13. A formal finding, pursuant to the statutory procedures, of unfitness to plead or unfitness to stand trial has significant consequences, and involves a prescriptive regime of inquiry. On a general appeal, this Court is not empowered to make a formal finding to either of those effects. Indeed, a formal finding can be made only between the commencement of criminal proceedings and the conclusion of all the evidence at trial[4]. But that does not prevent this Court from inquiring into, and deciding whether, by reason of a mental disorder from which a defendant was suffering at the time of trial, there has been a miscarriage of justice for the purposes of s 385(1)(c) of the Crimes Act 1961. The legislative schemes exemplify the relevance of mental health disorders to the question of trial, and indicate criteria to which this Court should have regard in a case such as this. The schemes are a recognition by Parliament that it is not right to put someone on trial when mental disorder would make the trial unfair.

    Mr Cumming’s mental disorder

  14. This Court has had the opportunity to consider several reports about Mr Cumming from psychiatrists and psychologists. As indicated earlier in this judgment, they include some very informative opinions obtained for the present appeal which the Court of Appeal did not have the benefit of considering. The sequence begins with a report prepared by a clinical psychologist, Mr Craig Sawyers, on 1 August 2000. He concluded that Mr Cumming was functioning at an extremely low range of intellectual ability. On 22 August 2000 a consultant psychiatrist, Mr David Stephenson, expressed the opinion that Mr Cumming probably had Attention Deficit Hyperactivity Disorder (ADHD), had antisocial personality traits and mild intellectual retardation. Occasional monitoring over the following year led to reports of the same diagnosis.

  15. The events giving rise to the charges under present consideration occurred in October 2001. On 14 November 2001 Dr Peter Miller, a consultant psychiatrist for the Canterbury District Health Board, reported to the District Court at Christchurch. He expressed the opinion that although Mr Cumming had a reported history of intellectual handicap and ADHD, he was not himself convinced of those diagnoses. Dr Miller thought that Mr Cumming fulfilled all the criteria for Antisocial Personality Disorder, and suspected he had a below average intelligence but probably not one that would place him in the intellectually handicapped region. He concluded that Mr Cumming was not under disability and did not have any psychiatric defence to the charges.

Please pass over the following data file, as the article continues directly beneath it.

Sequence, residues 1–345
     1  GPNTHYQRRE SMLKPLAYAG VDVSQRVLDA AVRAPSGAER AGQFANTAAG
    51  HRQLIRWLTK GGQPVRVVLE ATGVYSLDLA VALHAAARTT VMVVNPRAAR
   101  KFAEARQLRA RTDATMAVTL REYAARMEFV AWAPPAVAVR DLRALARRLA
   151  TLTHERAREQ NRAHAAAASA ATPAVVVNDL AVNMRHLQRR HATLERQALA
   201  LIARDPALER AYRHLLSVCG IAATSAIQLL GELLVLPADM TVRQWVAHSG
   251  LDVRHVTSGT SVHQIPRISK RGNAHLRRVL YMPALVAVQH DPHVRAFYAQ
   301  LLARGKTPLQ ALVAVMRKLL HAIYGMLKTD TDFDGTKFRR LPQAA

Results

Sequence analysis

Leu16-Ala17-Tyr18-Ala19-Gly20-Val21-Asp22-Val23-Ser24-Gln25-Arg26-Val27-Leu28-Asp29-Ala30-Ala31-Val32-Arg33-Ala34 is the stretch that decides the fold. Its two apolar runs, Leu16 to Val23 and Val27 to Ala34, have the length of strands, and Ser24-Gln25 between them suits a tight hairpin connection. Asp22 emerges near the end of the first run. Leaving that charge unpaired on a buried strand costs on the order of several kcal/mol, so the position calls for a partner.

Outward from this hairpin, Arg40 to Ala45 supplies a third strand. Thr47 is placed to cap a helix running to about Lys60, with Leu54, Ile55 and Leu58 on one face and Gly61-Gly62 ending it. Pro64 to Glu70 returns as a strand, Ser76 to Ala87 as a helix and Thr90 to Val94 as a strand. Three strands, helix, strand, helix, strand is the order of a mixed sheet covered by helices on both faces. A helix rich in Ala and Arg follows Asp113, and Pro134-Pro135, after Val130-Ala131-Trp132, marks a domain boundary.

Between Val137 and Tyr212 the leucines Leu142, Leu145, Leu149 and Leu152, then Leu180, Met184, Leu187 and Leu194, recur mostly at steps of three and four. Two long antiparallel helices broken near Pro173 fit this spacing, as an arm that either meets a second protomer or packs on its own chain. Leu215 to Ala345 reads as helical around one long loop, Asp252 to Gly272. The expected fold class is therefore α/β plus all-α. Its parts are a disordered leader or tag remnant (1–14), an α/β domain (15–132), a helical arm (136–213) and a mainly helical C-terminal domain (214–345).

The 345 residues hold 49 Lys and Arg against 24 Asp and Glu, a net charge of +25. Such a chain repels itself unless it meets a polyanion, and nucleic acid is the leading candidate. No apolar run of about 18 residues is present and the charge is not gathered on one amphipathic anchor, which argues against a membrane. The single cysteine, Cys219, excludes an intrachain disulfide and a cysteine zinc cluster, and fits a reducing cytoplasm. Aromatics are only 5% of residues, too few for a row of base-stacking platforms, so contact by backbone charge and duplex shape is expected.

16. On 5 July 2002 Dr Miller again wrote to the District Court to inform it that questions had been raised about Mr Cumming’s fitness to plead. He requested the Court to order a report under s 121(2)(b)(ii) of the Criminal Justice Act 1985. That was because Mr Cumming had been admitted to Te Whare Manaaki Forensic Unit, while on remand. The behaviour which led to his admission was persecutory ideation towards his lawyers and prison staff. In the meantime Mr Cumming had been committed to the High Court for trial. Chisholm J considered the request and on 8 July 2002 he ordered a report. Dr Miller responded on 15 July. His report again expressed the opinion that Mr Cumming was fit to plead and did not have a psychiatric defence.

  17. Dr Miller concluded his report with the opinion that Mr Cumming displayed features of a severe Personality Disorder with antisocial narcissistic and paranoid features for which no treatment was available. He warned that it was likely that Mr Cumming might prove disruptive in court throughout his trial as a consequence of his personality characteristics. In view of that Panckhurst J would, of course, have attributed Mr Cumming’s behaviour in Court to a condition which would just have to be accepted and dealt with, rather than to a mental disorder bearing on Mr Cumming’s fitness to be tried at all.

  18. Following the conviction of Mr Cumming the trial Judge sought reports from two health assessors, pursuant to s 88(1)(b) of the Sentencing Act, because of the prospect that Mr Cumming would be sentenced to preventive detention. The purpose of such reports is to ascertain the likelihood of the offender committing a further qualifying sexual or violent offence. Their focus is essentially prognostic rather than generally diagnostic. Nevertheless Mr Craig Prince, a Senior Clinical Psychologist, remarked upon Mr Cumming’s continued persecutory focus and stated that a number of factors related to the contents of Mr Cumming’s thoughts was highly suggestive of “reaching delusional proportions”. Dr Phil Brinded, an Associate Professor and Clinical Director of the Canterbury District Health Board’s Regional Forensic Psychiatry Service, also provided an opinion on Mr Cumming’s mental state. He considered that the psychiatrists who had clinical interactions with Mr Cumming before trial had their ability to accurately assess Mr Cumming’s mental state seriously compromised by his suspiciousness and fear of revealing information about himself. Dr Brinded was of the opinion that Mr Cumming was suffering from Paranoid Delusional Disorder. He thought that the previous health assessors (particularly Dr Miller) did not have available to them what Dr Brinded termed “the full extent of the disordered and delusional thinking” displayed by Mr Cumming, which had become more evident during his trial and during his interview with Dr Brinded. Dr Brinded said that persons who appear to display elements of Paranoid Personality Disorder can, under stress, later develop clear signs and symptoms of mental illness, particularly Paranoid Delusional Disorder. The trial was, of course, an acute stressor.